I’ll have fries with that, thanks

You’ve probably heard about recent Wendy’s flap — in which a diner, Anna Ayala, claims to have found a finger in her chili. There’s a really terrific story in today’s New York Times business section that explores the CSI-like questions of precisely how a finger could get into the chili in the first place. Along the way, you learn some neat details about how Wendy’s works, including …

The company concluded it would have been highly unlikely for an employee to overlook a finger, given the way the chili is made. A worker chops ground beef into small chunks with a spatula — using the same two- and four-ounce patties used for hamburgers — adds kidney beans and small beans from cans, seasoning from a packet, and tomatoes. A 48-serving batch is mixed into a 22-quart pot and cooked for four to six hours, stirred every 15 minutes.

I always love the incredibly dry, spare tone of the Times when it approaches über-weird subjects. Indeed, the gothic the subject matter, the more tinder-dry the writing becomes, until it nearly combusts — such as in paragraphs like this one:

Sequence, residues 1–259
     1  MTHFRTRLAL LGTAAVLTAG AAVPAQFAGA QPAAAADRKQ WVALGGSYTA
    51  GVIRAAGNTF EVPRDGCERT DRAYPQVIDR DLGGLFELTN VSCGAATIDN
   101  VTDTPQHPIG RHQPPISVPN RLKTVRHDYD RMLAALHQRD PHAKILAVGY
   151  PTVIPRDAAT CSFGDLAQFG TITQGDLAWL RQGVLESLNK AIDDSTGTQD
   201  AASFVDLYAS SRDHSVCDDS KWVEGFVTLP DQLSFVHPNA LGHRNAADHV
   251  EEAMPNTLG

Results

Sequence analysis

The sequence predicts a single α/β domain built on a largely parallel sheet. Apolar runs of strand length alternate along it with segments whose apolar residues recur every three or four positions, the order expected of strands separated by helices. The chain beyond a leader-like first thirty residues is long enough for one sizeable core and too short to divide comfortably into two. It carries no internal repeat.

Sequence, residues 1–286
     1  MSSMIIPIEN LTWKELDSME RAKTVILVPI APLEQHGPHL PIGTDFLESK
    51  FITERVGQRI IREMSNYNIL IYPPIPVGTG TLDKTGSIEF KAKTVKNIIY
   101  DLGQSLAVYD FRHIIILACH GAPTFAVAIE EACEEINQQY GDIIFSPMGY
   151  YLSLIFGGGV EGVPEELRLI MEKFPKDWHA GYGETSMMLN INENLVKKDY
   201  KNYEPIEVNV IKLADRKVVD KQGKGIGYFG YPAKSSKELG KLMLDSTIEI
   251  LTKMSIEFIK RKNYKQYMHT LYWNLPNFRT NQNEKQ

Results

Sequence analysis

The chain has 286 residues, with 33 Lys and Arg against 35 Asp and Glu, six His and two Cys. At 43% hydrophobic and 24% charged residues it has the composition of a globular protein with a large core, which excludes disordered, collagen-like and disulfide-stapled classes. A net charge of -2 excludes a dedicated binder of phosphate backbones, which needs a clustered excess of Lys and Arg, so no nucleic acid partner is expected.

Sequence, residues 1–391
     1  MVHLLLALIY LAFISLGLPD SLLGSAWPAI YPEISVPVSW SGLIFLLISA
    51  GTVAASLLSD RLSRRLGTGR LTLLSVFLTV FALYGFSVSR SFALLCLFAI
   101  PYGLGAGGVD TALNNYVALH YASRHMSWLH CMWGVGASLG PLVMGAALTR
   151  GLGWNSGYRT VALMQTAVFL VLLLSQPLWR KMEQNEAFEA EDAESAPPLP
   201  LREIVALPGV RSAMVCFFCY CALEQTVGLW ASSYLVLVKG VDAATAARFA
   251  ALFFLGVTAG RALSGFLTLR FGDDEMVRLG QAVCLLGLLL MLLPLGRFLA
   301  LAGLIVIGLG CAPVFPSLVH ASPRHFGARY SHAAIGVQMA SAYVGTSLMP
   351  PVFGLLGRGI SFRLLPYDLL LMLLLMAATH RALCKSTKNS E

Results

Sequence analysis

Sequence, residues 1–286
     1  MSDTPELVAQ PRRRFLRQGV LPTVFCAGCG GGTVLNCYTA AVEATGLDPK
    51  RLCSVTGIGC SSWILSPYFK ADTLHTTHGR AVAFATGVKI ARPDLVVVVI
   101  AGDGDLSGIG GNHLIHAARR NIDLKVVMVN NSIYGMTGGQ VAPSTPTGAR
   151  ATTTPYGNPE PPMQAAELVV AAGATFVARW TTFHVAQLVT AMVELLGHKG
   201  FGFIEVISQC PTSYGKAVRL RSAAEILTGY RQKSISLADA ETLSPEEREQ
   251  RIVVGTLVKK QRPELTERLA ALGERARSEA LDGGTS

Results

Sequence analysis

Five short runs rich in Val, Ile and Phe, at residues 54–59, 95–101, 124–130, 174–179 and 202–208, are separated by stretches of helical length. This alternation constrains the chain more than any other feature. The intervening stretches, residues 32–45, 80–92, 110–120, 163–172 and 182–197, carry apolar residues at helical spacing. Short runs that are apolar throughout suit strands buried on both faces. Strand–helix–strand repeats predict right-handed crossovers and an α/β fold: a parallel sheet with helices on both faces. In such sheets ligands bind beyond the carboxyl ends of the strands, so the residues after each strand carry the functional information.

It is still not known whether the finger was cooked, and if so, for how long. A thoroughly cooked finger might indicate that it came through Wendy’s food supply chain. If the tissue is uncooked, that might indicate that it was added to the chili after the fact.

It’s worth noting that this whole thing could easily be a scam, since Ayala has a case history of trying to sue companies for damages — and for reasons that are unclear, she was arrested this morning.

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I'm Clive Thompson, the author of Smarter Than You Think: How Technology is Changing Our Minds for the Better (Penguin Press). You can order the book now at Amazon, Barnes and Noble, Powells, Indiebound, or through your local bookstore! I'm also a contributing writer for the New York Times Magazine and a columnist for Wired magazine. Email is here or ping me via the antiquated form of AOL IM (pomeranian99).

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